The club has transitioned to aircraftclubs.com for scheduling. You will receive an email from aircraftclubs.com prompting you to create your user account once your member account has been made by one of the administrators. The website will also track your BFR date, medical date, and annual club checkout date, and send you a reminder 4 weeks before any of these expire.
The club has a few rules regarding acceptable schedules. If these cause a problem, please contact one of the schedulers well in advance to discuss it.
- The minimum period for which the airplane can be scheduled is 1.5 hours.
- The maximum period for which the airplane can be scheduled is two weeks.
- If the airplane flies less than an average of two hours for each night that it is away from KBJC, then the number of hours flown will be adjusted upwards to meet this minimum.
- Each club member may have no more than two (2) flights involving an overnight stay on the schedule at any given time.
- When scheduling for a two-week period, we prefer that the flight depart on Sunday and return on Saturday so as to avoid blocking two weekends from other members.
- When scheduling out of state and for a multi-day trips, please include the destination with your request.
Reserve your plane here.
Cleaning the windshield
Please be careful when cleaning the windshield. Do not use paper towels or rough cloth. These will create many tiny scratches in the windshield that are not apparent until you’re flying into the sun. Always use a soft cloth, like cheesecloth or a well-washed T-shirt. In fact, it’s best not to use a cloth at all until the surface is relatively free of bugs and dust. Flush the windshield with water, and let the bugs soak for a while before rubbing them off with your hand and more water. The red spray bottle on the workbench contains water with a bit of dish-washing liquid for stubborn bugs. (The best way to get rid of stubborn bugs is not to let them dry there — clean the windshield when you return from a flight!)
Click here for a more comprehensive treatment.
Each pilot is responsible for filling the tanks at the end of a flight. Be sure to set the fuel selector valve to either the left or right tank before fueling. This prevents cross-feeding during the fueling operation. If the selector is set to “Both”, and one of the tanks is filled, fuel flows from that tank to the other while you are moving to the other tank.
Please do not fill the tanks to the brim; leave about 1″ for expansion. If you don’t do that, particularly in the winter, the fuel is forced out and stains the fuselage. If you have a pipette, fill the tanks to the 37 gallon mark on the pipette. If you don’t have a pipette, fill until fuel reaches the bottom of the filler neck.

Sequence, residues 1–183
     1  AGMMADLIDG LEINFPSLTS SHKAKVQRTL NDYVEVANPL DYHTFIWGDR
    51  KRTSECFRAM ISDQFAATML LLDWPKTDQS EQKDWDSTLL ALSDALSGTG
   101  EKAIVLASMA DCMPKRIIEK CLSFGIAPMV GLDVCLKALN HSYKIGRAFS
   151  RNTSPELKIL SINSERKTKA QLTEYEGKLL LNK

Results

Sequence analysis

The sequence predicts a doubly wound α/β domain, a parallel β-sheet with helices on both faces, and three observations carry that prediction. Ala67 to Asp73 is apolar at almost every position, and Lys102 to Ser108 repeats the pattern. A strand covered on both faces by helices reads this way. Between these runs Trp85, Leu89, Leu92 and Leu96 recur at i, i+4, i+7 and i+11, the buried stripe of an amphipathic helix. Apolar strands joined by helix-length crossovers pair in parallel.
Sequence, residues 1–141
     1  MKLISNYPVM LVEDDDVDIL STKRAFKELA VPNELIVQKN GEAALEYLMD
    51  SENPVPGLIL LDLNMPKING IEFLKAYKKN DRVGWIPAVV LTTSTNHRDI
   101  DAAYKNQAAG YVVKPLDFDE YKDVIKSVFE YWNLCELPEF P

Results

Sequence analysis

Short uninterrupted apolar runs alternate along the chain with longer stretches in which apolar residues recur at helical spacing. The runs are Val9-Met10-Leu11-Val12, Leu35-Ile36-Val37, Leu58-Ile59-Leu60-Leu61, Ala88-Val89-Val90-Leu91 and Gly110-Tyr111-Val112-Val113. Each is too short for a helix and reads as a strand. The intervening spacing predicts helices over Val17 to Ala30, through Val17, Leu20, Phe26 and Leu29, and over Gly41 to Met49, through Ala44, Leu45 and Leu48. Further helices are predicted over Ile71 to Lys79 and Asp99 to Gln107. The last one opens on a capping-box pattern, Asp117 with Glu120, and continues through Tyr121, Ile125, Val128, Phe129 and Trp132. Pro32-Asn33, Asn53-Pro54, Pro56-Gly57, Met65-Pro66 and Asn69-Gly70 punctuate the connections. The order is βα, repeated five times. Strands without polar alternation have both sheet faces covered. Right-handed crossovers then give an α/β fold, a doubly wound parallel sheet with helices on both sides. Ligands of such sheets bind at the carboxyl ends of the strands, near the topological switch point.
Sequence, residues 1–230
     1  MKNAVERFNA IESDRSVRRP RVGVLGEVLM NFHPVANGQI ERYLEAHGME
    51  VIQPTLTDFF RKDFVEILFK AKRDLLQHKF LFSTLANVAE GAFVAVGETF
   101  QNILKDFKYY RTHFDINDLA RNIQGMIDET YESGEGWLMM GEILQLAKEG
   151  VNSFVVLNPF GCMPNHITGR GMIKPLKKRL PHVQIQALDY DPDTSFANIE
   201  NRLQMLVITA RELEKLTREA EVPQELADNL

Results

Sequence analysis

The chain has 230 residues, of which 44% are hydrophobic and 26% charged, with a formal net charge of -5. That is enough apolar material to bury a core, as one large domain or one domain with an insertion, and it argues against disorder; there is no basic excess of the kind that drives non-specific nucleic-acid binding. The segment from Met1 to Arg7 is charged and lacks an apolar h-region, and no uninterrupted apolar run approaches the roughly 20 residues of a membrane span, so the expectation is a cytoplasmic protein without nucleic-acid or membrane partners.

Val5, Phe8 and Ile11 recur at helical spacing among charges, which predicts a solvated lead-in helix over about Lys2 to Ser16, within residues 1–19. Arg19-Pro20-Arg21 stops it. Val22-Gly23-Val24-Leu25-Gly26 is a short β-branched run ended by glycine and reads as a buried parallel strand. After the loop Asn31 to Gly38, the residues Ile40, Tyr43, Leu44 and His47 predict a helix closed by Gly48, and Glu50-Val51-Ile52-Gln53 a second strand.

Getting the aircraft into the hangar is one of the riskiest parts of operation. This risk has four components: the hangar doors themselves, the track that they run on, the hangar roof tie-down, and the stop for the port main gear.
Be certain that the doors are completely open before attempting to put the aircraft into the hangar. This is particularly important if you have passengers who have helped to open the doors. There isn’t much clearance between the wing strobes and the hangar walls, and if a door isn’t completely open the wingtips can be damaged.
The hangar roof tie-down has a heavy come-along, and if it is not pulled high enough it can snag the beacon on top of the rudder. So be certain that it is high enough before attempting to put the aircraft into the hangar.
If you are pushing the aircraft into the hangar, and one wheel goes over the track that the hangar doors run on while the other does not, the tail will swing sharply to the side and may collide with the workbench or the hangar wall. Again, this is more likely when you have passengers helping you. Be sure to brief your helpers thoroughly on the risks involved.
Remember that there is only one wheel stop to keep the aircraft tail from hitting the back wall of the hangar. Be sure that the aircraft is straightas it approaches the stop, and don’t let it be moving too fast.
We do have a hand winch that can be used to pull the aircraft into the hangar. Clip the hook to the tail tie-down ring. We strongly recommend using the winch whenever the footing is treacherous in the winter, or when there is only one person to put the aircraft away.
Risks 1 and 2 above also apply when taking the aircraft out of the hangar before a flight.
After the aircraft is secured and chocked, reconnect the battery minder. Remove the keys from the ignition and hang them on the DG heading setting knob. Check around the cabin to ensure that you have all of your personal belongings and that no trash remains.
Please be careful when opening or closing the hangar doors. Don’t push them too fast, because that causes them to jump the track. Also, the north door tends to hang up on the seal when the doors are closed. The symptom is that when you try to push it open it doesn’t want to move. Instead of pushing on the end where the two doors come together, walk over to the north end. You’ll see the bolt heads on the door up against the seal jutting out from the wall. Just push on the door next to the bolt heads, and they’ll pop past the seal. Then the door should open easily. With two people, one can push while the other pulls- the doors then move well.
We don’t really have the tools to get the door back on the track, and it’s best not to try. Instead, call Airport Operations at (720)352-0395 and ask them to come and fix it. That number is manned 24/7, and they usually deal with it pretty quickly. If we’re all careful when we move the doors, we should be able to avoid this hassle.
In the colder months please plug the engine preheater in.